The official responses to this query do not appear to have been particularly cogent. According to another section of the printed press, the Honourable Attorney General is quoted as averring that the figures will “revert” to those originally promised. He did not consider that an explanation for the alteration was warranted or mattered at this point-

“There is an explanation for why the fines came down and it has nothing to with political will, but at this point I don’t think any explanation matters.”

Another member of the Cabinet offered an explanation in yet another section of the press. According to the Honourable Minister of Energy and Water Resources, Mr Wifred Abrahams, in Barbados Today, “…the changes were made by the parliamentary draftsperson responsible for preparing the Bill for presentation in the two houses of Parliament with a view to ensuring that the fines were consistent with other domestic penalties…those fines were changed without reference to the drafting Committee or to the Attorney General…”

This is, by itself, a surprising revelation. I have always been informed that the draftsperson is a mere amanuensis or scribe of the legislative intendment of the policymakers rather than a determinant of such policy. And while I could understand a drafter pointing out a patent inconsistency with a constitutional requirement, this is not alleged by Mr Abrahams. Indeed, the sole requirement of the supreme law in respect of punishment that might impinge on the current debate is that in section 15(1) to the effect that

No person shall be subjected to torture or to inhuman or degrading punishment or other treatment.

This clearly does not apply here without more.

Comparatively, in Trinidad & Tobago, for failing to make the required declaration or for making a false declaration, a person in public life is guilty of an offence and liable on summary conviction to a fine of two hundred and fifty thousand dollars and to imprisonment for a term of ten years; and where the offence involves the deliberate non-disclosure of property the Court may, in addition,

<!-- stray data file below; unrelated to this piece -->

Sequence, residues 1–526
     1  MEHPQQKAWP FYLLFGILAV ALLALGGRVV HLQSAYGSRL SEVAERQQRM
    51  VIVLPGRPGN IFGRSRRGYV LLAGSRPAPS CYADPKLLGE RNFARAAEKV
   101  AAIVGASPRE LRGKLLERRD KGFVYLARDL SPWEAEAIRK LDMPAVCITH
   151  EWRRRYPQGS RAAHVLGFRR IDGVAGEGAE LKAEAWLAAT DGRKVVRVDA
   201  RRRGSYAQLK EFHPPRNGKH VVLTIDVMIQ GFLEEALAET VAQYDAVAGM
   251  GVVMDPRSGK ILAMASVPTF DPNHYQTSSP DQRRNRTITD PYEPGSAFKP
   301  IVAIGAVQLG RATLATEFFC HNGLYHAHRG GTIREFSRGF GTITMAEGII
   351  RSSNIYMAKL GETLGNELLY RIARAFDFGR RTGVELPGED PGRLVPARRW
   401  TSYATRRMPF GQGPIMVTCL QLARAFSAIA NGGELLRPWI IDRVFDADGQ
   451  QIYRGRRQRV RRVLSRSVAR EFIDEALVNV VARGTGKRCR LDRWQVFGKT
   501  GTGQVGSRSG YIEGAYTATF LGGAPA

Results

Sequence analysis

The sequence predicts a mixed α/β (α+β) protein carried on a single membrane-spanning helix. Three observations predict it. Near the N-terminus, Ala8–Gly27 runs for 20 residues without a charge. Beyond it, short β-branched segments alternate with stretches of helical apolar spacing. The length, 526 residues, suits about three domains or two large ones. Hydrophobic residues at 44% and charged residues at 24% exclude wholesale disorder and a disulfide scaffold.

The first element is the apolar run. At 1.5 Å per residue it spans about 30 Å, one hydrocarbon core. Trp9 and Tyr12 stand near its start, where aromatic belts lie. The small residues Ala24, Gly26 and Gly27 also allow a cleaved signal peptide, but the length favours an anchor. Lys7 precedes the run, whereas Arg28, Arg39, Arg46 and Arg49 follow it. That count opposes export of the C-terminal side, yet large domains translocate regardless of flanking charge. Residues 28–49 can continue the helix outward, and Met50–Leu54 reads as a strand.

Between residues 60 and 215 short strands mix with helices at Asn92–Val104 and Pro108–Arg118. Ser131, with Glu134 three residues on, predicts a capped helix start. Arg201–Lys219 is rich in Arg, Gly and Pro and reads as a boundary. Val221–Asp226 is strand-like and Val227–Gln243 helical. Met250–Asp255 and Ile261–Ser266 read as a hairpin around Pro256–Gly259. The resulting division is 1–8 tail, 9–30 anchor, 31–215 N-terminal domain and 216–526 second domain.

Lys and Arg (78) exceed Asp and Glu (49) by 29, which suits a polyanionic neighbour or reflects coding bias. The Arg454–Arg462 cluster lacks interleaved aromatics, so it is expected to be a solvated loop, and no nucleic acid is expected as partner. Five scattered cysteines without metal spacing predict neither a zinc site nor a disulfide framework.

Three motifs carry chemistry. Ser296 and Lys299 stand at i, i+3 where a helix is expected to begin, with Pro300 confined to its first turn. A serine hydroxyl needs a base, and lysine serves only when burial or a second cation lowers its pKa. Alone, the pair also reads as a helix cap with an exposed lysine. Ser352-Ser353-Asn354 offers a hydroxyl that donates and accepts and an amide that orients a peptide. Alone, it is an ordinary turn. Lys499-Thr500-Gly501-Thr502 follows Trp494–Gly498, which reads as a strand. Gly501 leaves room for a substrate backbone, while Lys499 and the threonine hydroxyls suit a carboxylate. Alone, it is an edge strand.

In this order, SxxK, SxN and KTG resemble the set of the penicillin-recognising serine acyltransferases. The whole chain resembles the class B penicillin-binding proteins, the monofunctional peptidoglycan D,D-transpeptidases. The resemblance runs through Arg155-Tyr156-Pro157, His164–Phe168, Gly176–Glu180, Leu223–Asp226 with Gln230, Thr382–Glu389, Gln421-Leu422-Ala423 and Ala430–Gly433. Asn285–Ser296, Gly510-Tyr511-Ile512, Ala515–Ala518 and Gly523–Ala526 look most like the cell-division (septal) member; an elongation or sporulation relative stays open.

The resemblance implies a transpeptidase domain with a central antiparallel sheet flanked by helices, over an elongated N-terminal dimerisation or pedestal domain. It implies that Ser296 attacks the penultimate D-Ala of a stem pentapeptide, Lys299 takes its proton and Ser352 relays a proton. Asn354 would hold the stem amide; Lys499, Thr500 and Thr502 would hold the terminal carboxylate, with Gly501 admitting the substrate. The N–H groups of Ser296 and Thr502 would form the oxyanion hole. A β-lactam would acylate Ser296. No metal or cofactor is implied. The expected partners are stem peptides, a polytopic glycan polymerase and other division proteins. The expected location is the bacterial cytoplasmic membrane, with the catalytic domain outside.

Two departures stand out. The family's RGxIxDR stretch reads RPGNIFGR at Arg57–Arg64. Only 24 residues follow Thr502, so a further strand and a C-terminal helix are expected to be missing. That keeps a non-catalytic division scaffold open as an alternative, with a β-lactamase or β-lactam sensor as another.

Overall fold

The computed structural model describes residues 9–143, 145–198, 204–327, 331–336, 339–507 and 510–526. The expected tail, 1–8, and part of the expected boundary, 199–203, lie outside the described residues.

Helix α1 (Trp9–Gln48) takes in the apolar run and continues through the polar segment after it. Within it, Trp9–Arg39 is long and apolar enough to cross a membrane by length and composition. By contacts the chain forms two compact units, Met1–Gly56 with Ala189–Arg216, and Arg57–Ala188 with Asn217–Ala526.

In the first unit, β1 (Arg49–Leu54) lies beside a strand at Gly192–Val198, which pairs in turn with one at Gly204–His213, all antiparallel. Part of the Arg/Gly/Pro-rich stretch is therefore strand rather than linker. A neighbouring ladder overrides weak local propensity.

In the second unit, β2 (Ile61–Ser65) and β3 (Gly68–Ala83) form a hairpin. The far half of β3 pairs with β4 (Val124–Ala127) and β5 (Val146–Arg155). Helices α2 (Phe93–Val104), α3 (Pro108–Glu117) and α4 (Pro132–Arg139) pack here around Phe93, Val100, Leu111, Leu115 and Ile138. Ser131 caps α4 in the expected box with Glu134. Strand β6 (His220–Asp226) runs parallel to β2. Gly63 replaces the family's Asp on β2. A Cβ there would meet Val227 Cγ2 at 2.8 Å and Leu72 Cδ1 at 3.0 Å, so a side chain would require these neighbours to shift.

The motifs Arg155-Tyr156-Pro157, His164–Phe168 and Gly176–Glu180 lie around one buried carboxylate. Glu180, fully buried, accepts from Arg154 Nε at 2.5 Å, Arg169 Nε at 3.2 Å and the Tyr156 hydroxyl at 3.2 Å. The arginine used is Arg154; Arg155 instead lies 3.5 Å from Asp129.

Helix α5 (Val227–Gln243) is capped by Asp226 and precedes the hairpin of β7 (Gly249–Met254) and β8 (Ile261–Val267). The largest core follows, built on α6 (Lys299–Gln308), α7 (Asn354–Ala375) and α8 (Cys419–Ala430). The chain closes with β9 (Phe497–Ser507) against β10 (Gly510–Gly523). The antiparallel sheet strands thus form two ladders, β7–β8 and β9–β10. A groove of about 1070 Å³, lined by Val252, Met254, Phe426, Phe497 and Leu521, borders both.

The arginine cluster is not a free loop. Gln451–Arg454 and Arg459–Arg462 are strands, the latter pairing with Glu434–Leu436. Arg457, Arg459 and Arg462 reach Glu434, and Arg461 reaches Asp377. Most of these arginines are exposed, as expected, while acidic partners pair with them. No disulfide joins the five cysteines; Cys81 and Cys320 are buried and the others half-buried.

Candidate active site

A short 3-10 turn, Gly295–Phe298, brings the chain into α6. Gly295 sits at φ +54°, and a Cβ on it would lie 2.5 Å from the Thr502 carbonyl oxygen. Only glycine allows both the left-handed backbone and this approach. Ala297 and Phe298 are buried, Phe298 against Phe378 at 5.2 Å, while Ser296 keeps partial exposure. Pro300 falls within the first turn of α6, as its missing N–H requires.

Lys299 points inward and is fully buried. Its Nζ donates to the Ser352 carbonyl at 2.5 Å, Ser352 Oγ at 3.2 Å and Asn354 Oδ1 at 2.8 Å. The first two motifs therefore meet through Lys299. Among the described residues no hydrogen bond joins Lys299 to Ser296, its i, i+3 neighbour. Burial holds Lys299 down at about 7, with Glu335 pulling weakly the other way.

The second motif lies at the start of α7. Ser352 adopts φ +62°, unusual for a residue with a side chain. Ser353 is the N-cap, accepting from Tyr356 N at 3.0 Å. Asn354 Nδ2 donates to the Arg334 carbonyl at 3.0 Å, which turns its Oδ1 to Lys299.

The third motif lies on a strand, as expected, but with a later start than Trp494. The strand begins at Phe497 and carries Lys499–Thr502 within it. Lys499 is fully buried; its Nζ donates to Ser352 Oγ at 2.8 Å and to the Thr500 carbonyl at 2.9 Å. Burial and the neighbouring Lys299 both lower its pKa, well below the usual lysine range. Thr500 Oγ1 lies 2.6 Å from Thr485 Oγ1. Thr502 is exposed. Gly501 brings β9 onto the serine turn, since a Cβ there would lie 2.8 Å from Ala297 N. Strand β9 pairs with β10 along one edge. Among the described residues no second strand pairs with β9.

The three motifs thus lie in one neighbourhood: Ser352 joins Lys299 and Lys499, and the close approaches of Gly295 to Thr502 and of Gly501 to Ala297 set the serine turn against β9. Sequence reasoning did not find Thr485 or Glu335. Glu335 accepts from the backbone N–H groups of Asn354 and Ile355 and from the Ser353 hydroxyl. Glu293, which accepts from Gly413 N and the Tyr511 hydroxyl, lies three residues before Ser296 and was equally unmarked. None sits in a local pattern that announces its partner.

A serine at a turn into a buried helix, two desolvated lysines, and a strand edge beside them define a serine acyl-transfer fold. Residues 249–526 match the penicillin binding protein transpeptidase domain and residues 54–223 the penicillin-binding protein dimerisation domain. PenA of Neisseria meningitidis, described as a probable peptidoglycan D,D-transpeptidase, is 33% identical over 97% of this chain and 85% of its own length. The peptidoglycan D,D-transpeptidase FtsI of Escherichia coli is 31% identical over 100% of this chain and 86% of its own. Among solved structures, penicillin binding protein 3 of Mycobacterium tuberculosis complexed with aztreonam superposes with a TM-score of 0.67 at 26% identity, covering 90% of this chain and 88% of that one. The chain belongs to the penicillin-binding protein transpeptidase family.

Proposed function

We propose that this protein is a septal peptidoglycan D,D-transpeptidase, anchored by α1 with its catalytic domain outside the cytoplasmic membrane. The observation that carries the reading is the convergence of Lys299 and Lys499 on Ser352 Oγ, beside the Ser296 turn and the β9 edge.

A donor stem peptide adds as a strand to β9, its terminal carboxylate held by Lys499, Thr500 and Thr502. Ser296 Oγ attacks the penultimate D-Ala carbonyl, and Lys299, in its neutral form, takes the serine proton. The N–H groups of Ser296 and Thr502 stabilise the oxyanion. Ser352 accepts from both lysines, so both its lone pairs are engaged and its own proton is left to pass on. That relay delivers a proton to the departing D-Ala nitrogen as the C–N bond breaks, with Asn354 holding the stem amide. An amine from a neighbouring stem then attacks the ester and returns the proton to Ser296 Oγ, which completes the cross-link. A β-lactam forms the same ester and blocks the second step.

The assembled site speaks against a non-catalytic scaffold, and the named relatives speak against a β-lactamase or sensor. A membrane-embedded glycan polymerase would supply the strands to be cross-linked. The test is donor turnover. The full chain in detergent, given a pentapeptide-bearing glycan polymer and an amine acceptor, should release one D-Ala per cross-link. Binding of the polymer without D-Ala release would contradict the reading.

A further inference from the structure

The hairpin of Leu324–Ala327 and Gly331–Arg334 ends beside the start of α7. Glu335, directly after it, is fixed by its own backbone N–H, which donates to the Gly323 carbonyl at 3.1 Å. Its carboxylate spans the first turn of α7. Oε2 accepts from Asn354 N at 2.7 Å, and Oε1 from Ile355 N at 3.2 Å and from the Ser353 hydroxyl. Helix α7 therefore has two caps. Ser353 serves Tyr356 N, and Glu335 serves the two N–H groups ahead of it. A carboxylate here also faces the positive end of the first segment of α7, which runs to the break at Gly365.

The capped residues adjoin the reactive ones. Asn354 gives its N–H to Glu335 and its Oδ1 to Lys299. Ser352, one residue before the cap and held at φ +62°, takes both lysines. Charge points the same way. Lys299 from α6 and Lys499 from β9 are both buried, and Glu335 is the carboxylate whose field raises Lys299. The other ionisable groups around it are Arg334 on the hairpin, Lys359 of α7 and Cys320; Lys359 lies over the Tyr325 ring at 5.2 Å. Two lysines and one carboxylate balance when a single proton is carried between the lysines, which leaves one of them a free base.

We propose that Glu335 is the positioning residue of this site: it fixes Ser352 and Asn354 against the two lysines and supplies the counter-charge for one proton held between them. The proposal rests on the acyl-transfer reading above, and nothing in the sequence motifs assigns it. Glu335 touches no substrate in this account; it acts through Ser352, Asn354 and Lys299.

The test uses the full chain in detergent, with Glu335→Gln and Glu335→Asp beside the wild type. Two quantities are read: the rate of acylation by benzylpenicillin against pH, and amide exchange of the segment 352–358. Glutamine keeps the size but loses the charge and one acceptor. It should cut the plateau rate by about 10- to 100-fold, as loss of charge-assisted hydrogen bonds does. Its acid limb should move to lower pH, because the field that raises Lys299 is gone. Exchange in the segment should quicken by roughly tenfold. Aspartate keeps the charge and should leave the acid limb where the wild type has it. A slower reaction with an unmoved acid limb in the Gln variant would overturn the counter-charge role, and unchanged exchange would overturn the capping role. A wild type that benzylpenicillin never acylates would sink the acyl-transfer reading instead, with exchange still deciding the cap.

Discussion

(a) where the property involved is situated in Trinidad and Tobago, declare that it be forfeited to the State;

(b) where the property involved is situated outside of Trinidad and Tobago, order that an amount equivalent to the value of the property (the value to be assessed as directed by the Court), be paid by the person in public life to the State.

Now, that is dissuasive punishment and for non-disclosure merely besides.


  • Enuff
    over to you.


  • For Enuff, Messrs Marshall, Abrahams and our esteemed PM (who loves to reference a reggae song) the song of the day is “Who the cap fit” by the iconic Bob Marley.


  • Ping Pong

    Be clearer.


  • Enuff

    of course I am having a little fun at your expense but I am still not sure whether the proposed fines are to be the higher or the lower amounts. Forgive me if I am also cynical about the sincerity of the politicians to enact proscriptions to their possible bad behaviour. Blame it on 10 years of DLP rule.


  • Jeff Cumberbatch

    Excellent article and food for thought.

    I believe Judges and certain categories of public servants,e.g. custom officers,town planning officers,immigration officers etc should also be included.

    I am of the view that the declaration of assets by these politicians and civil servants should be done on an annual basis and not the 5 year period suggested for members of parliament.

    What say you?


  • A question to ponder how do we deal with police officers who we know are being bribed by persons in the business sector,those in the criminal world and even a few politicians.

    Bribes come in all forms.


  • Well Well & Cut N' Paste At Your Service

    Obviously Jeff’s article superceded the news, they can’t challenge Atherley’s actions anymore…all they can do is stew in their own juices.

    “There’s no going back to the fold of the Barbados Labour Party Government for Bishop Joseph Atherley after he shockingly exited to become Leader of the Opposition a week after the May 24 General .”


  • It’s always pleasing to see academics educating the masses and not to use the cop out of having a mortgage as the reason to be an academic traitor. UWI, needs to do more than just spit out lots of qualifications while sucking on the sore nipples of governments. Its time UWI spend 50 to 60% of its focus on an innovation ethos towards national fx earnings.